Argument from religious experience

The Argument from religious experience is an argument for the existence of God, as against materialism.

Outline logical structure

Its logical structure is essentially as follows:
# There are compelling reasons for considering at least some religious experiences to point to and validate spiritual realities that exist in a way that transcends any material manifestations.
# According to Materialism, nothing exists in a way that transcends its material manifestations.
# According to Classical Theism in general, and Christianity in particular, God endows Humans with the ability to have spiritual experiences and to perceive, albeit imperfectly, such spiritual realities [There are innumerable references in both the Old testament, from Adam talking with God in Genesis onwards, and in the New Testament of which the Transfiguration and St Paul's comments in 1 Corinthians about spiritual gifts and "seeing through a glass darkly" (i.e. through a poor mirror, imperfectly) may stand as two examples] and these spiritual realities exist in a way that transcends any material manifestations.
# Therefore, to the extent that premise (1) is accepted, Theism is more plausible than Materialism.

Points 2, 3 and 4 are relatively un-controversial, and the argument is formally valid, so discussion focuses on the premise (1).

uggested reasons for accepting the premise

The principal arguments for the premise are:
# Very substantial numbers of "ordinary" people report having had such experiences, though this isn't to say that religious believers aren't ordinary [Polkinghorne "Belief in God in an Age of Science" p119 referencing "the surveys conducted by the distinguished biologist Alister Hardy"] [Swinburne references David Hay "Religious Experience Today" (1990) chapters 5, 6 and Appendix] . Such experiences are reported in almost all known cultures. Although such reported experiences may not all correspond to an objective reality, they are strong enough prima facie evidence that very compelling arguments to the contrary would be needed to cancel them out.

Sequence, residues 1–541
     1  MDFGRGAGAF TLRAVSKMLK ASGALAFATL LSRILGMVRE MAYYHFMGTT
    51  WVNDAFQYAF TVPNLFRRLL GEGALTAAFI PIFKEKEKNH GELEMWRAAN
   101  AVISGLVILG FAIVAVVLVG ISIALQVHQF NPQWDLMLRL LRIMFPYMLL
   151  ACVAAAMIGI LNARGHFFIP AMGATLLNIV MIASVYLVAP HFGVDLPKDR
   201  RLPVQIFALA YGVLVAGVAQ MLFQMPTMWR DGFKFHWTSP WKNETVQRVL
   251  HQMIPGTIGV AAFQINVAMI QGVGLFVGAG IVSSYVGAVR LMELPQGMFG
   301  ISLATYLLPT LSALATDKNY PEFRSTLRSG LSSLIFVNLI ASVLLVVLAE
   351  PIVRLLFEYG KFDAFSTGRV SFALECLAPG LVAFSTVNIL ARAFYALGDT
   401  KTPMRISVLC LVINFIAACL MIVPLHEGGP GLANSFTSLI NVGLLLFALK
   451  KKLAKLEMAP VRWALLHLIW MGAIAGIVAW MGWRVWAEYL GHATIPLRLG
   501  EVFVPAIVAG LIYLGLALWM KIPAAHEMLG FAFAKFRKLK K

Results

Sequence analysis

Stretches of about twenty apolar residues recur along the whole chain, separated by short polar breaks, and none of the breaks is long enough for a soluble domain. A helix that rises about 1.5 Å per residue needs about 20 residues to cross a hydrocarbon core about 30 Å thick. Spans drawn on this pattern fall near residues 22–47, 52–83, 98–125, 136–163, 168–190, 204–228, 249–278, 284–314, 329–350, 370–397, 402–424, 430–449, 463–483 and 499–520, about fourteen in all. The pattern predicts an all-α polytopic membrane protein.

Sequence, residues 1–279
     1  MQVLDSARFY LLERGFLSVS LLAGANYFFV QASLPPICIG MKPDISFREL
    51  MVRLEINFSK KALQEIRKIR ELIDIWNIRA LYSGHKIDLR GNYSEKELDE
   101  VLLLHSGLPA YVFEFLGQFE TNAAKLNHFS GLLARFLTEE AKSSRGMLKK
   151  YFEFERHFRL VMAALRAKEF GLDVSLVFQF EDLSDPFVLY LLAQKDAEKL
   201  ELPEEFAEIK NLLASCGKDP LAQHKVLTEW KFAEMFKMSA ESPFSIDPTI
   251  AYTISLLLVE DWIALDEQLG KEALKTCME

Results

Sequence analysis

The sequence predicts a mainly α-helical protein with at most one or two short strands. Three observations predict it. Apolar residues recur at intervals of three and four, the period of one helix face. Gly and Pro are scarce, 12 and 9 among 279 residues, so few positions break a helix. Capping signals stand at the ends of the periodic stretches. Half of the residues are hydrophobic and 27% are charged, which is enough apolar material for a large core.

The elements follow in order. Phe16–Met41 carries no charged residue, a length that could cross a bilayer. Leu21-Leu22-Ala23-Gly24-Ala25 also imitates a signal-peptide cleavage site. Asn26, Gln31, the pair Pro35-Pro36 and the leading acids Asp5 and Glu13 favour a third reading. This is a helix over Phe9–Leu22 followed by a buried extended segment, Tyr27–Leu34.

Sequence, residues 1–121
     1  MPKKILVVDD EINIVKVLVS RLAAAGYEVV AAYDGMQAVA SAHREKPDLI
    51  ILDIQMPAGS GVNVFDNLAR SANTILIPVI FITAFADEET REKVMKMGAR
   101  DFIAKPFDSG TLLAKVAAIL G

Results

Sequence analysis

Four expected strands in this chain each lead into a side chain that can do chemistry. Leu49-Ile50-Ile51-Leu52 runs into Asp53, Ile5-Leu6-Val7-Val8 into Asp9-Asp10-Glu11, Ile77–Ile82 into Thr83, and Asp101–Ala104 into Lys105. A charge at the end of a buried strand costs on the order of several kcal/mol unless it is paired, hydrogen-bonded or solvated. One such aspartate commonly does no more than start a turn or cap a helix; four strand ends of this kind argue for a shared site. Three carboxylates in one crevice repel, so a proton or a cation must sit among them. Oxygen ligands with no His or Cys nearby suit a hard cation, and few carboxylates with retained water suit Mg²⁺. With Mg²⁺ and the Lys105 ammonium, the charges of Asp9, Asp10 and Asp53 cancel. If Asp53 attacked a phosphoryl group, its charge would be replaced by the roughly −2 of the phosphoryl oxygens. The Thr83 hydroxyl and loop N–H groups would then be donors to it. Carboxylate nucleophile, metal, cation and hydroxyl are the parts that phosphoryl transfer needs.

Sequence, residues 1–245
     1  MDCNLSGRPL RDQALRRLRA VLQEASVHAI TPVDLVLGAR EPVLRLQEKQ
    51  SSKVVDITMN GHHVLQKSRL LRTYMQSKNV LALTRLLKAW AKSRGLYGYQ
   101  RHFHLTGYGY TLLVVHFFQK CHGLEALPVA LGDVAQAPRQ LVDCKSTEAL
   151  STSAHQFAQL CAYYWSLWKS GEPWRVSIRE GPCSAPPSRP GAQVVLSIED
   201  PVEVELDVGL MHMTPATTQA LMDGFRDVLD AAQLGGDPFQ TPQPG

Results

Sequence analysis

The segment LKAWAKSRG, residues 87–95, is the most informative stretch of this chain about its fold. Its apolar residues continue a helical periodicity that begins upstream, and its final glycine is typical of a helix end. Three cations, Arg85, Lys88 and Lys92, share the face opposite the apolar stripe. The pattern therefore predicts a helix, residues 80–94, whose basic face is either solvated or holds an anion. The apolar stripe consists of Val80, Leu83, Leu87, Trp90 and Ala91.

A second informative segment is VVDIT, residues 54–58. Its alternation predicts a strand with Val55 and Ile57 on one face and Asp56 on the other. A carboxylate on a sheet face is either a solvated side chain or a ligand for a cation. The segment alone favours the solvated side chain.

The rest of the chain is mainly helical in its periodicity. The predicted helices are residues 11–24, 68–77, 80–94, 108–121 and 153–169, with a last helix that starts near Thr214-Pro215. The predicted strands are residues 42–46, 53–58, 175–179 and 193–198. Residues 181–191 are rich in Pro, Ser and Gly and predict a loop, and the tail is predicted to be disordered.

# These experiences often have very significant effects on people's lives, frequently inducing in them acts of extreme self-sacrifice well beyond what could be expected from evolutionary arguments. It is hard to imagine an evolutionary benefit in having these experiences if they are all, or mostly, false.
# These experiences often seem very real to the people involved, and are quite often reported as being shared by a number of people [ For example the New Testament speaks of Jesus, after his resurrection, appearing to 10 or more people at once (see eg 1 Corinthians 15:6, Luke 24, Mt 28, Jn 16, Acts 1).] . Although mass delusions are not inconceivable, one needs compelling reasons for invoking this as an explanation.

Swinburne suggests that, as two basic principles of rationality, we ought to believe that things are as they seem unless and until we have evidence that they are mistaken (principle of credulity), and that those who do not have an experience of a certain type ought to believe others who say that they do in the absence of evidence of deceit or delusion (principle of testimony) and thus, although if you have a "strong" reason to disbelieve in the existence of God you will discount these experiences, in other cases such evidence should count towards the existence of God. [ Swinburne, "Is there a God?" p 133–136]

uggested reasons for disputing the premise

# There is little doubt that some reports of religious experience have naturalistic and/or psychological explanations and are thus mistaken. If some reports are mistaken, perhaps all such reports may be.
# These might be mis-firings of evolutionary mechanisms selected for very different reasons [This is broadly Dawkins' line in The God Delusion] .
# It is conceivable that some claimed religious experiences are lies, possibly done for attention or acceptance.
# Different people have had, or believed to have had, religious experiences pointing to the existence of different religions. Not all of these can be correct. (For more information see the Argument from Inconsistent Revelations).
# Some have argued that the experiences are hallucinations which stem from "wanting" to believe in God (In a way relating to Pascal's Wager) that the person converts into a vivid hallucination that they try to convince themselves was "real", but they know aren't in the back of their mind(s). Some have compared them to insane people who have the same type of hallucination, but they obviously aren't taken as seriously.

Notes & References

Authors/Sources

Relevant authors and sources include:

* John Polkinghorne See eg his "The faith of a scientist" and "Belief in an Age of Science"
* Tom Wright who regards religious experience as one of the four main pointers to belief in God — see esp. his "Simply Christian" SPCK 2006, Ch 2 "The hidden spring"
* Richard Dawkins who in The God Delusion dismisses the Argument from religious experience, without formally stating it.
* Richard Swinburne esp "The Existence of God" OUP 2nd Edition 2004 ISBN 0199271682 and "Is there a God?" OUP 1996 ISBN 0198235453
* Ian Barbour "Religion and Science" SCM 1998 ISBN 0 334 02721 7
* William James wrote the classic account of "Varieties of Religious Experience"
* Caroline Franks Davis discusses "The Evidential Force of Religious Experience" in her book of that name, OUP 2004 ISBN 0198250010.

ee also

Religious experience


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